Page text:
Holly Wright, 46, left her daughter’s Phoenix home in a hurry without thinking. She took nothing with her — no food, no toiletries, no furniture.
The daughter, after being laid off as a result of the COVID-19 pandemic, no longer needed her mother to watch the kids. After a disagreement, Holly left.
With the little bit of money Holly had, she turned to an old, familiar comfort — booze. Holly went to a park, got drunk and lived there for a week until she sought help and got connected to St. Vincent de Paul’s Ozanam Manor, a transitional shelter for veterans, seniors and/or adults with disabilities. Now Holly, who is a Navy veteran, is back on the road to self-sufficiency in spite of her challenging past.
The week in the park wasn’t Holly’s first bout of homelessness. She had lived on the street for extended periods of time before (up to two years), in part because of chaotic romantic relationships, but also because of her personal struggle with alcoholism. Twelve years of service in the Navy left her with post-traumatic stress disorder and troubling mental health that pushed her toward an all-too-familiar coping mechanism.
Alcoholism had plagued Holly since childhood with the death of her mother from an alcohol-induced seizure and eventually the death of her father from cirrhosis. She says alcohol is everywhere in her hometown of Whiteriver on the Fort Apache Indian Reservation in Navajo County, Arizona.
After graduating from high school in 1992, Holly left her hometown to join the Navy back east. It was a whole new life. As a third class engine petty officer, she built up skills she had learned on the reservation and worked as a diesel mechanic and hydraulic tech on the USS Jason (AR-8) repair ship.
“I loved it,” Holly said. “All the different places we went to go see, learning everything, all the different people.”
She met her first husband in the service. They had two children, and it pained Holly to be away from them during deployments, so she decided against re-enlistment. Unfortunately, the marriage didn’t work out.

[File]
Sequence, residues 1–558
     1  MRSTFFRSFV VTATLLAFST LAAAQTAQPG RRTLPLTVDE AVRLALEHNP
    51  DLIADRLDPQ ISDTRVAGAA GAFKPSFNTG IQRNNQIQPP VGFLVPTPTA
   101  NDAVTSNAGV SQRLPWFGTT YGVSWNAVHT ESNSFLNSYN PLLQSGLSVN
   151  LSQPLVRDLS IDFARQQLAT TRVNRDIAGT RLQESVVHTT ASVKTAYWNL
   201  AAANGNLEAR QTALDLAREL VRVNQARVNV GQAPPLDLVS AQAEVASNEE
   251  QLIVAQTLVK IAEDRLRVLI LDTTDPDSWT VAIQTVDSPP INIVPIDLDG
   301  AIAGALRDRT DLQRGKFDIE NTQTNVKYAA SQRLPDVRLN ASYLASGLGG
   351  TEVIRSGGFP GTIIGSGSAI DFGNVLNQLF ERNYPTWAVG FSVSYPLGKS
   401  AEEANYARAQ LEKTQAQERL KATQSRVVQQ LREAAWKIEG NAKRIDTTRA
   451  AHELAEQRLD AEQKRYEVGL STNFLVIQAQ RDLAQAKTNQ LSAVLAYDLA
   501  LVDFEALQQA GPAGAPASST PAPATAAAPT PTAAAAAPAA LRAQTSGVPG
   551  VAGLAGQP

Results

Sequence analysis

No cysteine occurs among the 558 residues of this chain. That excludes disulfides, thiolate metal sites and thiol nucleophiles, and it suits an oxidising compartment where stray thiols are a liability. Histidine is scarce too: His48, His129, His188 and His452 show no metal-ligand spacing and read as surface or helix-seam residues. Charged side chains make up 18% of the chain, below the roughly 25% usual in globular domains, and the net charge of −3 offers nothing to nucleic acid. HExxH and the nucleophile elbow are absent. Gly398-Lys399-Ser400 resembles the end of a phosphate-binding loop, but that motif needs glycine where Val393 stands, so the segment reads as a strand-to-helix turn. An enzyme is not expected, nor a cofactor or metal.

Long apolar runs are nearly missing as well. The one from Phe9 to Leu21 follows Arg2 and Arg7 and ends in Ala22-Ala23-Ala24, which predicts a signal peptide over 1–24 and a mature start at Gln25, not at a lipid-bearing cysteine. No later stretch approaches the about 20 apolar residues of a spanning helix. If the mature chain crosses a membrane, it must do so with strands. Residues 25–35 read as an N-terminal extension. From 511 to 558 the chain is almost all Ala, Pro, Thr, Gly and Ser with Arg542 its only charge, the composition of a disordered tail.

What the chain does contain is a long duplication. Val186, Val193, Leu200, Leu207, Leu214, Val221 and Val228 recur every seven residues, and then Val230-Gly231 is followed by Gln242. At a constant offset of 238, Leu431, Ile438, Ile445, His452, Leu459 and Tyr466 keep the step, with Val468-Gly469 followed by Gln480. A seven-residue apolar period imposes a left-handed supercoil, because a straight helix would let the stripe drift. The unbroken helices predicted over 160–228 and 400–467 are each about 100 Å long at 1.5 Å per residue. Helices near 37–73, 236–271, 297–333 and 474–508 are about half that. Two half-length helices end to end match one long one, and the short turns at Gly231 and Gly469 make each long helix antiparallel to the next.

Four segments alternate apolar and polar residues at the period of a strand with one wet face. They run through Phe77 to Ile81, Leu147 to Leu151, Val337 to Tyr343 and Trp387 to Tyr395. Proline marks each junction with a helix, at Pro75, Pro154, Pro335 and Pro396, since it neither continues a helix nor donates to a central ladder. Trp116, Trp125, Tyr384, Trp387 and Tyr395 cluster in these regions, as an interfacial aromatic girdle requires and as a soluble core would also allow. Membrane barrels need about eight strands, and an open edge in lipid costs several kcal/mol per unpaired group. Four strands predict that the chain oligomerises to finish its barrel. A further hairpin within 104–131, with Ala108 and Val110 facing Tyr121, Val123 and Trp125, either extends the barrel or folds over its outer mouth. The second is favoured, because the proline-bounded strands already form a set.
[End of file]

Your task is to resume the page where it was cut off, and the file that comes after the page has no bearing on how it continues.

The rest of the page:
Holly brought the kids back to Arizona, where she used her GI Bill to study diesel mechanics and graduate from the Arizona Automotive Institute in Phoenix. That earned her work in the field, but a new, abusive boyfriend sent Holly on a spiral into depression. She had a nervous breakdown and went back home to Whiteriver.
“That’s when the alcohol took hold,” she said.
Her aunt raised the kids, and Holly went in and out of employment and on and off the street until the U.S. Department of Veterans Affairs connected her with a rehabilitation program and helped her apply to Arizona's Housing Choice Voucher Program.
“I was sober for some months there,” she said. “Even my daughter said she could tell I was trying.”
So when she ended up in the park, she remembered the VA Community Resource and Referral Center, which had helped before and would help her again. She went through rehabilitation, and the CRRC connected her to Ozanam Manor.
“I love it here,” Holly said. “They got me in super quick, and they had everything — bedding, laundry pods. We don’t need or want for anything.”
Every day Holly feels the hold alcohol had on her become more and more a thing of the past. She’s also working with her SVdP case manager to re-open her housing voucher, which would be a huge relief not only for Holly, but also for her husband, Leonard. Holly remarried, but she and her husband have had to live apart while solving their housing situation. Leonard is staying with his uncle for now.
"We've both struggled together with the homelessness and being seperated," Holly said. "We can't wait to be together again."
While the housing voucher is in process, Holly is searching for an affordable rental. The pandemic has made that tough with social distancing and limited or virtual-only tours.
“It’s a weird and chaotic time to be going through this,” Holly said.
But still, she’s hopeful. Medication helps her keep her depression under control, and she keeps her own spirits up by surrounding herself with positive people and focusing on the potential of the future. Holly plans on using her stimulus check for her rental deposit and even has a job lead working customer service for a travel website. Injuries and lack of youthful vigor keep her from working on diesels anymore.
“I’m very computer literate though,” Holly said. “I’m still able to work, and I like being self-sufficient and doing things on my own.”